and rights to the respective trademarks of the Exterior-grade rutile titanium dioxide is the dissolution of the PVDF resin. The lower solids
various resin suppliers. For example, Arkema most commonly used white pigment because and associated higher amount of solvent raises
requires that a PVDF licensee formulation must of its nonchalking characteristics and long-term the VOC level of the coating.
meet the following criteria in order to identify exterior durability. Nonsolvents are used in PVDF-based formu-
the product as a KYNAR 500-based coating: Exterior-grade mica pearlescent and light- lations to act as diluents.
(a) at least 70 wt% of the total resin content must interference pigments are used to produce spe- Other Additives. Several other additives are
be PVDF; (b) at least 40 wt% of the total solids cial effects such as a metallic appearance, or often added to PVDF-based formulations in
must be PVDF. the appearance of different colors when viewed small quantities to impart various properties
Acrylic Modifier. The acrylic modifier is from different angles. These pigments function without affecting long-term weathering resis-
usually a thermoplastic acrylic based on methyl- by allowing multiple light reflection from dif- tance. Examples of these additives include:
methacrylate. The primary purpose of the acrylic ferent depths throughout the coating. High-
is to improve pigment dispersion and increase quality infrared-reflecting pigments are also  Anti-settling agents
adhesion to the substrate. The acrylic also suitable for use in PVDF-based coatings to  Defoamers and antifoams
improves the phase stability of the final coating. reduce heat absorption on architectural surfaces  Dispersion and emulsifying agents
The inertness of PVDF, while a benefit in terms such as roofs.  Preservatives and fungicides
of exterior durability and chemical resistance, is The following types of pigments are not  Surfactants
a detriment when producing a coating formula- recommended for use with PVDF-based coat-  Flatting agents
tion: it makes pigment dispersion difficult and ings because they do not match the long-term  Drying agents
inhibits interactions with the substrate to achieve exterior durability of the PVDF resin:  Anti-skinning agents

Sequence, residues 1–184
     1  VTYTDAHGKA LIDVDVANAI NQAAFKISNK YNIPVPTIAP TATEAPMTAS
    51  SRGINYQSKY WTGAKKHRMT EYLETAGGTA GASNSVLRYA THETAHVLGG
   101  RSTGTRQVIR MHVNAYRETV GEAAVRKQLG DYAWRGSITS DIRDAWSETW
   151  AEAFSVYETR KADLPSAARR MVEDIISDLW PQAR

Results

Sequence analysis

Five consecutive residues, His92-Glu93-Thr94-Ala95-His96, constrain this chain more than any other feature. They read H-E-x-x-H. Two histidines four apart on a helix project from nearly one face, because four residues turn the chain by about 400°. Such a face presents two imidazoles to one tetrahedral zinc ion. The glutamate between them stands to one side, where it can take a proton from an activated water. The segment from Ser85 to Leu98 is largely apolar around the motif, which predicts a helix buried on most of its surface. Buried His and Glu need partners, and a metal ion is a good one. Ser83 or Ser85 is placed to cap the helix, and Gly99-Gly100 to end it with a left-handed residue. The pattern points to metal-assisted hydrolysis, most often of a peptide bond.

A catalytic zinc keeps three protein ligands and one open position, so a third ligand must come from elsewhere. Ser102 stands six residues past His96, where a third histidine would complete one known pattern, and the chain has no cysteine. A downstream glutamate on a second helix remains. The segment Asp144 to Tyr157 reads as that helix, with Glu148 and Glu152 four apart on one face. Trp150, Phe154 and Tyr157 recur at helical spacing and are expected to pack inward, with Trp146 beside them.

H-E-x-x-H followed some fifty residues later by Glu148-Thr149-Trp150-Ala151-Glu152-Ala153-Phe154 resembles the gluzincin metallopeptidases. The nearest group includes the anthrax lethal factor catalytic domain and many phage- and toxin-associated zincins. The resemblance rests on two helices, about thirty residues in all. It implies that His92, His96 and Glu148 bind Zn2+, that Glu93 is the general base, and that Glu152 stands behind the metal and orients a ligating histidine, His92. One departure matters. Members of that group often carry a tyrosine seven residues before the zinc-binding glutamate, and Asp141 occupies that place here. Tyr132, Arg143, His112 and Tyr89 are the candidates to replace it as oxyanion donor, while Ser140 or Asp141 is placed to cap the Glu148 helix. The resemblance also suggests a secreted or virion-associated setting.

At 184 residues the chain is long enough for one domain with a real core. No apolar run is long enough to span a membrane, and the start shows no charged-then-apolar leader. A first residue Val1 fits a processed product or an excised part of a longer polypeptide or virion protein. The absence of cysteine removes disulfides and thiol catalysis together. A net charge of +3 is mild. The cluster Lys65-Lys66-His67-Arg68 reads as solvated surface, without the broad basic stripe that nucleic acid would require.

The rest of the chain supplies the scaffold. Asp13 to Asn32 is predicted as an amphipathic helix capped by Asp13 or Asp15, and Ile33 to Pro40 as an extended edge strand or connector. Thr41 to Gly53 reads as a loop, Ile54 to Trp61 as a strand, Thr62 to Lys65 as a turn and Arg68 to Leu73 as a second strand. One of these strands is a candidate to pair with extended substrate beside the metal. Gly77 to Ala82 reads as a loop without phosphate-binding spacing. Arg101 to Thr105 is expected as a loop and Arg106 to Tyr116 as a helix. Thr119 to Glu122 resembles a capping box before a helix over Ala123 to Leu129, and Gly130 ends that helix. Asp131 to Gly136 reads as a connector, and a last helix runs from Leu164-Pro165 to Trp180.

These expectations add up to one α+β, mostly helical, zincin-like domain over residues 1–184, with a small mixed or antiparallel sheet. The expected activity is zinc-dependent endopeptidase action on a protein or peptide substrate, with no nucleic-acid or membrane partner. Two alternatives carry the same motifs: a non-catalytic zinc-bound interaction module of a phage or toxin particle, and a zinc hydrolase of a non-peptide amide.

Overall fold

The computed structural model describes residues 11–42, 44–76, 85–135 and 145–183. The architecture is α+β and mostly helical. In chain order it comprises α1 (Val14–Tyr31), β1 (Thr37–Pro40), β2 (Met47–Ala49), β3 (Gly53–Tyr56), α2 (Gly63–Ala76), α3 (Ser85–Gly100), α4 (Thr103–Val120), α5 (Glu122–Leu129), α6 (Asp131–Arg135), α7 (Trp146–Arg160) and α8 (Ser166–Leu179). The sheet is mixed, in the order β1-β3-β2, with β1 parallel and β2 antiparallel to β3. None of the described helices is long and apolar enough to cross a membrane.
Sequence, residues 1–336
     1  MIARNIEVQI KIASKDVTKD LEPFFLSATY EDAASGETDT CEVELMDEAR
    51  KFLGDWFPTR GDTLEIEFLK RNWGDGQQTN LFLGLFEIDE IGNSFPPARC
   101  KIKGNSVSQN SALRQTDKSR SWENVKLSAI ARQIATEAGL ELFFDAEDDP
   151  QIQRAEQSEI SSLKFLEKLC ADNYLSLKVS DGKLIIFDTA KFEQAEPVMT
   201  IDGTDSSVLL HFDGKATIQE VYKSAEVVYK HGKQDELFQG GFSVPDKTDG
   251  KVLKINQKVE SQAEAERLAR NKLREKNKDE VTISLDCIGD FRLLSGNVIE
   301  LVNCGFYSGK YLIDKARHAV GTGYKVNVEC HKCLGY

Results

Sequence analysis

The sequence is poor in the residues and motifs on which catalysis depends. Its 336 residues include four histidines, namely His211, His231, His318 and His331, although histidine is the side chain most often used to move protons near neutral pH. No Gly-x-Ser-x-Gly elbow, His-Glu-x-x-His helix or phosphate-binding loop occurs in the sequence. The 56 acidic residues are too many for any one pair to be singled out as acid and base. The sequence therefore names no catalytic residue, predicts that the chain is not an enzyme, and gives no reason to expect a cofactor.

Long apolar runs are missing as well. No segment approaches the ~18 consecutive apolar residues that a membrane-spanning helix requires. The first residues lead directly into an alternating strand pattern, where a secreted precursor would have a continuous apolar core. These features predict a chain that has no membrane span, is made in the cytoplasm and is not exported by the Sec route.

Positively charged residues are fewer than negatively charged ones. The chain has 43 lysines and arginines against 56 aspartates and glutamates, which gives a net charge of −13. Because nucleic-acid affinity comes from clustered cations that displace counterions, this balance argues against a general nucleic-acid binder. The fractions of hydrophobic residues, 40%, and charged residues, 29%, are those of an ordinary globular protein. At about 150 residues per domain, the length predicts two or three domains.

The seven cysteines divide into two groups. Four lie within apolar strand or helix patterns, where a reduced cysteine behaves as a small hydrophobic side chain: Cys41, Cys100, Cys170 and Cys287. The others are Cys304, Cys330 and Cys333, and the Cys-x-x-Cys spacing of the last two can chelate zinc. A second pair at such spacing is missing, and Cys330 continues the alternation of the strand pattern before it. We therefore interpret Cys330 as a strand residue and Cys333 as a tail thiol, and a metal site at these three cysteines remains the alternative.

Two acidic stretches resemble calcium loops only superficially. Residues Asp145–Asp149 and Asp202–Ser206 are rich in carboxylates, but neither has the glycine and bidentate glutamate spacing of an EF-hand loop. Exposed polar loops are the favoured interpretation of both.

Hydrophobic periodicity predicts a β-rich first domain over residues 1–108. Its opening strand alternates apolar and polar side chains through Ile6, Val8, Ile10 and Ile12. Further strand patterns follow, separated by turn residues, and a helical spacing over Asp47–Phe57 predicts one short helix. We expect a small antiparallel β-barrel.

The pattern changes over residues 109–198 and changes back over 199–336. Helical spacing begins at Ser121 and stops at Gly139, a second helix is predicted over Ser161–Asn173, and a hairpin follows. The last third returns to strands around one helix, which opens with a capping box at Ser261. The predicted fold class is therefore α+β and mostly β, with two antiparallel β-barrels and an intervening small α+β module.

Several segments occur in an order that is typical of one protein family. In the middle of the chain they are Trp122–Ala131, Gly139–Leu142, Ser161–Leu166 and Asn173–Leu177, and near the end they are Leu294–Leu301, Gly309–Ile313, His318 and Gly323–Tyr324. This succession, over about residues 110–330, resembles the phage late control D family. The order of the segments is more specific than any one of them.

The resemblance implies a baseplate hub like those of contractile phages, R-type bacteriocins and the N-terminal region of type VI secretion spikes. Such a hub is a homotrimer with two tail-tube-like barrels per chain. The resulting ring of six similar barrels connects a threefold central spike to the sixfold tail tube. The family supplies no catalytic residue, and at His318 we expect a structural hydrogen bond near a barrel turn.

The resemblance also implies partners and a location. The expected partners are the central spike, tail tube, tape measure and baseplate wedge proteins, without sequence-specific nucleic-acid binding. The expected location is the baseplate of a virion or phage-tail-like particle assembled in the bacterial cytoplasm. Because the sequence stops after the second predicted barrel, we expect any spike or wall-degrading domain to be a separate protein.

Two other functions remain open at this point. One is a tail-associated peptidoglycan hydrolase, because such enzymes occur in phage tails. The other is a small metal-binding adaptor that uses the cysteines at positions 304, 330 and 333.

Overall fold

Polyvinylidene Fluoride-Based Coatings Technology / 83

 Rheology modifiers The use of nonchromium and dried-in-place pre- Coating Properties of
 Ultraviolet absorbers treatments is increasing. However, it is recom- Polyvinylidene Fluoride
mended that thorough testing be conducted with
Typical PVDF Component Quantities. The these types of pretreatments to assess the suitabil-
following is an example of the typical compo- ity of the pretreatment with the specific type of The most significant property of PVDF-based
nents of a PVDF-based formulation: paint system and substrate being used. Proper coatings is their outstanding exterior durability.
cleaning and pretreatment is a critical step to The exceptional weatherability is a result of
Component wt% ensure excellent long-term adhesion and corro- the strength of the carbon-fluorine bond
sion resistance, as with any paint system. (116 kcal/mol), which is one of the strongest
PVDF resin 20–25
Minimum 70% of total resin content Film Formation and Crystallinity of PVDF- chemical bonds known. The bond strength pro-
Minimum 40% of total solids content
Based Coatings. Polyvinylidene fluoride vides a chemically inert coating with complete
Acrylic resin 8–11
homopolymer resin is most commonly used in resistance to UV light degradation. Ultraviolet
Pigments 12–16 radiation is one of the major causes of deterio-
Solvents 50–60 dispersion coatings. The PVDF powder resins
Other additives Typically <5 are present as dispersed particles in a latent ration of coatings exposed to the atmosphere.
organic solvent. No dissolution or swelling of In addition to exterior durability, PVDF resins
the PVDF particles occurs at room temperature also possess several intrinsic properties that are
because of the use of latent solvents. During ideally suited to produce coatings with desirable
Application of Polyvinylidene the bake cycle, partial swelling and dissolution properties. These are summarized in Table 3 and